3. Prof G,See Prof coles's website – the camthy trial showed no benefit, so recruitment has stopped.Anon 1.41, time is brain. Lemtrada is a highly effective treatment which for many shuts down the disease (inflammation). The long term resuls are very impressive – I am nine years out from first infusion and disease free NEDA). The side efeects can be picked up by monitoring and are treatable e.g. thyroid side effects. The biggest risk is not the side effects from Lemtrada, but the long term disabilty / unemployment which comes with this disease if not effectively treated. I'd rather take the risk of a thyroid disorder than the risk of losing my functions one by one.Prof G needs to focus on some other MS area rather than highlighting all the potential risks which come with a treatment which is a life-changer for many. I'm not so sure his beloved oral cladribine will be as free from side-effects as he suggests.

    1. Re: " I'm not so sure his beloved oral cladribine will be as free from side-effects as he suggests."I agree; it has its own, but very different, side effect profile. This profile is well-defined and has been discussed many times on this blog.

  4. What about vaccination during therapy with B-cell depleting therapies? I think this will be some problem when you're on Ocrelizumab for several years….

  5. Jules,Anecdotally on an individual level results can be impressive. But the 5 year extension study fails to provide such data and this is needs to be seen by both neurologists and patients to generate confidence.

  6. The blatant and sub conscious pushing of Calbridine on this blog is scary but funny. The drive to come up with the first oral MS medication a few years ago was a valid and potentially profitable one, so I understand. But now, this is purely a pride thing. This drug is no better than the other orals out there, but getting it to market is a cap in the feather for this team/blog. The potential save to the NHS is real but you know that if it gets licence the prices they quote on this blog will raise substantially to the tens of thousands mark, just like what happened with Campath/LemtradaThe risk of alemtuzumab is there, and trying to understand this rebaslining in the results has confused me and no one, not my neuro or this blog can explain to me why rebaslining is a valid thing.Orcelizumab – my neuro is not sure this will get licence, and if it does please bare in mind its 'sister' drug that was about to go off label was going through the process of getting FDA approved for MS, and was pulled to be replaced by Orcelizumab, so again the drug companies will be cashing in. In the OPERA trials it showed 50% NEDA (With rebaslining) so is actually slightly less effective that alemtuzumab if you compare the trial data.It's a shame what can be such a good information source is becoming a marketing tool. Focus on the patients and new/better treatments for MS, not the same/recycling drugs that are all around the same efficiency. What do you think your patients want? Similar efficiency drugs that are tested against interferon (which is now obsolete) or better more effective treatments or even a cure?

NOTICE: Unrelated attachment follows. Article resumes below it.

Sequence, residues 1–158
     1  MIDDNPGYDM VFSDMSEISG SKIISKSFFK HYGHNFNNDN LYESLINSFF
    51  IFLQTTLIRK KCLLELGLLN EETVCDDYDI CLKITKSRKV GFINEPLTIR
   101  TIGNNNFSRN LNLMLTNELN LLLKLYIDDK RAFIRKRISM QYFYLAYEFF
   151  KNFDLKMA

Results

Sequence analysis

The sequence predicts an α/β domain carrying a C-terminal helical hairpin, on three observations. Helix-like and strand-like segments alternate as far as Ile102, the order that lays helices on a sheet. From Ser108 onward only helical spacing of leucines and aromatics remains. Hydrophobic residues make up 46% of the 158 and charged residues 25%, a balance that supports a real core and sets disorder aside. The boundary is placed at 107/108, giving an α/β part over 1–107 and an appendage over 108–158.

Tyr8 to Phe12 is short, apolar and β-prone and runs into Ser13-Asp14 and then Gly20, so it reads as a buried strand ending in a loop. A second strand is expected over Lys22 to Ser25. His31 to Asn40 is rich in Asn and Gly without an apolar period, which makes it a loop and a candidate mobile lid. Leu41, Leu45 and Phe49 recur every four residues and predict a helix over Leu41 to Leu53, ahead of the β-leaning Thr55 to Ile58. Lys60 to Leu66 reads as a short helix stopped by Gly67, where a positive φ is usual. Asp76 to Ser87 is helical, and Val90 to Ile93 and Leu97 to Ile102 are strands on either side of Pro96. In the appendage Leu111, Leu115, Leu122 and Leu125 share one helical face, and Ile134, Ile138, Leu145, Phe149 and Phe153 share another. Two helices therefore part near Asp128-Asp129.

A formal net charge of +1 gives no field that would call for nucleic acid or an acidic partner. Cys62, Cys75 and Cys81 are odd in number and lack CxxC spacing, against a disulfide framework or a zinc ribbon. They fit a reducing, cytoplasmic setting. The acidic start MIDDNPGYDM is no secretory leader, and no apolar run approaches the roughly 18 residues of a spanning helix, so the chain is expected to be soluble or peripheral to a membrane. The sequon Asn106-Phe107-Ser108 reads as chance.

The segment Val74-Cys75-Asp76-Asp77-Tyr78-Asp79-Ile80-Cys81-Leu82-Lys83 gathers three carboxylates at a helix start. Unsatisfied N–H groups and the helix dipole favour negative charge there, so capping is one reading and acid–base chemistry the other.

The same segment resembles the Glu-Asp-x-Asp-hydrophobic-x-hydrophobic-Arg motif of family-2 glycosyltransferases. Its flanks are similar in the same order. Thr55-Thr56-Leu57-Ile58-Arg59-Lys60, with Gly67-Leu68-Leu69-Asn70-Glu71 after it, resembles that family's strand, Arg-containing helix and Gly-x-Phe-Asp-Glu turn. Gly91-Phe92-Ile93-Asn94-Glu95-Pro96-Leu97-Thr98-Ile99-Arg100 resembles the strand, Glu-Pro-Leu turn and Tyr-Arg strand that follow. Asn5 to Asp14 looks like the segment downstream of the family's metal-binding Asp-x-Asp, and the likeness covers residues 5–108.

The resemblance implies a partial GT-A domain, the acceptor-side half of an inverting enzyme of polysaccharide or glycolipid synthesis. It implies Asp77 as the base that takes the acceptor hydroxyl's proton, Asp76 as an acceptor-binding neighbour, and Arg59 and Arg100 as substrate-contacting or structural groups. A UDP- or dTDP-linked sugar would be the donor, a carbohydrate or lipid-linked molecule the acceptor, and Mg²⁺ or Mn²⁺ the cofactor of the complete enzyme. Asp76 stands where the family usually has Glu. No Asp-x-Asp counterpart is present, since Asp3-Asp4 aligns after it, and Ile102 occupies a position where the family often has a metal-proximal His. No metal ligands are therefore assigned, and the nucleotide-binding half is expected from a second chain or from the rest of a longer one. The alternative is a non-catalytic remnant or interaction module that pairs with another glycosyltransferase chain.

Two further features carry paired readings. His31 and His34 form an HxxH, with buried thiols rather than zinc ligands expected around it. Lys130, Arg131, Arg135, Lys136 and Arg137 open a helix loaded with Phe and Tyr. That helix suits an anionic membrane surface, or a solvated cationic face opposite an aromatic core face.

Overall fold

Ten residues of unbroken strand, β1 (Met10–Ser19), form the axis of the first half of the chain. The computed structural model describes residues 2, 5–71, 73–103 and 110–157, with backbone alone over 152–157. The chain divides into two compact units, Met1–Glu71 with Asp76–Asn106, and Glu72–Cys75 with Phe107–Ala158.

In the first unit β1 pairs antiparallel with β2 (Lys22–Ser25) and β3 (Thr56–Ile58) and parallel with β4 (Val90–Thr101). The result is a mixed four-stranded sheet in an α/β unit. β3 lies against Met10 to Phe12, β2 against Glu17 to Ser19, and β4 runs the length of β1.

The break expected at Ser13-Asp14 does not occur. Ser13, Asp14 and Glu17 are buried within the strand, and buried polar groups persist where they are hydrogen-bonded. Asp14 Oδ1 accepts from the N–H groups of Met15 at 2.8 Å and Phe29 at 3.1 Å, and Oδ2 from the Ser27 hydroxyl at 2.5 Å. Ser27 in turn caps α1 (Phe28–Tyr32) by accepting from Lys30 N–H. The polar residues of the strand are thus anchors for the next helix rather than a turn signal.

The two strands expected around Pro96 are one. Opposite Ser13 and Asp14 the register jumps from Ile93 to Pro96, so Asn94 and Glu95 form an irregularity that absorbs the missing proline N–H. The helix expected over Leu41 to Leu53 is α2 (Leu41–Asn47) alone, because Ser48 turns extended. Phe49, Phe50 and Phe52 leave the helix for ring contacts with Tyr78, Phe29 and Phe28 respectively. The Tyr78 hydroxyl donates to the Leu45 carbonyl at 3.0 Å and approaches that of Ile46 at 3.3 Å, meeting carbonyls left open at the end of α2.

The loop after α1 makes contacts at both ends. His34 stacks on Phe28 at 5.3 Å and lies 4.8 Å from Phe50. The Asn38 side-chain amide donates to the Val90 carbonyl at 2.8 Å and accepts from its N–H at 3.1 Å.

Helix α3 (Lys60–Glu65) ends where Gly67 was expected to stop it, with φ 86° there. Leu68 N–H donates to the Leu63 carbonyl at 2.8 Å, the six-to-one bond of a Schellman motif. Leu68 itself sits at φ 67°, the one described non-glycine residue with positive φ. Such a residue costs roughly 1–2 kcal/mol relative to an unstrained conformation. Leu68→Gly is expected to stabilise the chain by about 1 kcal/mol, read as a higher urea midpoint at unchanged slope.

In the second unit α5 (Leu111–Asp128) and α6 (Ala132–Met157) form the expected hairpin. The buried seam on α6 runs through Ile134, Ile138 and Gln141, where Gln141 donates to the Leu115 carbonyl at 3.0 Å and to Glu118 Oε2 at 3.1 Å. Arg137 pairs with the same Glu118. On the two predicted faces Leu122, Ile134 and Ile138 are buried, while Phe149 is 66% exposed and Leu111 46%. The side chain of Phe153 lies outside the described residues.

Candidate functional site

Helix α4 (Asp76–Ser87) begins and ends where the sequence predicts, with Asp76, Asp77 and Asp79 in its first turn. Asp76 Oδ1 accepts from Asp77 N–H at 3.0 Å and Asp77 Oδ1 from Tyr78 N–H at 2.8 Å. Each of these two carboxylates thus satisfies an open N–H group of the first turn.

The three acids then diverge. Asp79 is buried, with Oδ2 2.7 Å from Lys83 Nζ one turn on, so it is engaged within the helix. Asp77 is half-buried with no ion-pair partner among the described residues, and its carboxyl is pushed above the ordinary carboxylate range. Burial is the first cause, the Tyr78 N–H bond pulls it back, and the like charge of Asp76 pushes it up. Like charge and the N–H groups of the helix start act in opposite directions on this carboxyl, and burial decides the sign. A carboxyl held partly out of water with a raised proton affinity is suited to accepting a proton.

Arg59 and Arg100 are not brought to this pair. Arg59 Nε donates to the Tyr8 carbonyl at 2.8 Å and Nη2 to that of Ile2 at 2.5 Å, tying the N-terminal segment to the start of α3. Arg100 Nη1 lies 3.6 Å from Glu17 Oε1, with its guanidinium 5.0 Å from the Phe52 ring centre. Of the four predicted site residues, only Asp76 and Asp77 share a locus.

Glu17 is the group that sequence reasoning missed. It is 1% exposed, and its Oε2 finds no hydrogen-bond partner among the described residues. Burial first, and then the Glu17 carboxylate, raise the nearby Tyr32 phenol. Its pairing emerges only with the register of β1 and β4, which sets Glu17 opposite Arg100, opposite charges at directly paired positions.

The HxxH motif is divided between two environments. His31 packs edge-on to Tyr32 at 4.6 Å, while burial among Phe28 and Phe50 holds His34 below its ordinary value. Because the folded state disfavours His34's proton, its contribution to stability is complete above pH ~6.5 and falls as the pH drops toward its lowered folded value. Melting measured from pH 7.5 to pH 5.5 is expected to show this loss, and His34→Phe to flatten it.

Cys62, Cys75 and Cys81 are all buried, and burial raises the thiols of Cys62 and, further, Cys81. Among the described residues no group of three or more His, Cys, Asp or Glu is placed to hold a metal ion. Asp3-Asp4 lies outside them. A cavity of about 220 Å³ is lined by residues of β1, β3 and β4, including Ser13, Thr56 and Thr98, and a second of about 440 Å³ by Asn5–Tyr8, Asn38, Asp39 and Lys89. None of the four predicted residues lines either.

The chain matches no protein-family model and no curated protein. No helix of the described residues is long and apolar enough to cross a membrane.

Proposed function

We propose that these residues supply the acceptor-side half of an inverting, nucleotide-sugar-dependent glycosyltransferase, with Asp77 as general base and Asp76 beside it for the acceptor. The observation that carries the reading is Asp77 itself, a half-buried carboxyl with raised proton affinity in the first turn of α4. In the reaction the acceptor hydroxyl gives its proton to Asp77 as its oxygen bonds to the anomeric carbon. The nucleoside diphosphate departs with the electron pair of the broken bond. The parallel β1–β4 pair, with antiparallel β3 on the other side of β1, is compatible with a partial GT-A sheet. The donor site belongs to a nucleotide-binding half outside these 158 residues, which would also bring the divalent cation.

1. Re: "…The potential save to the NHS is real but you know that if it gets licence the prices they quote on this blog will raise substantially to the tens of thousands mark, just like what happened with Campath/Lemtrada."We don't have control of pharmaceutical pricing. But I am sure NICE will do its job and make sure the NHS gets it a cost-effective price.

    2. Re: "In the OPERA trials it showed 50% NEDA (With rebaslining) so is actually slightly less effective that alemtuzumab if you compare the trial data."Wrong the figure is 80%, not 50%, which is why ocrelizumab looks very good compared to alemtuzumab and the other high-efficacy therapies. Please read my ECTRIMS highlight post on ocrelizumab: http://multiple-sclerosis-research.blogspot.com/2016/09/researchspeak-ectrims-highlight.html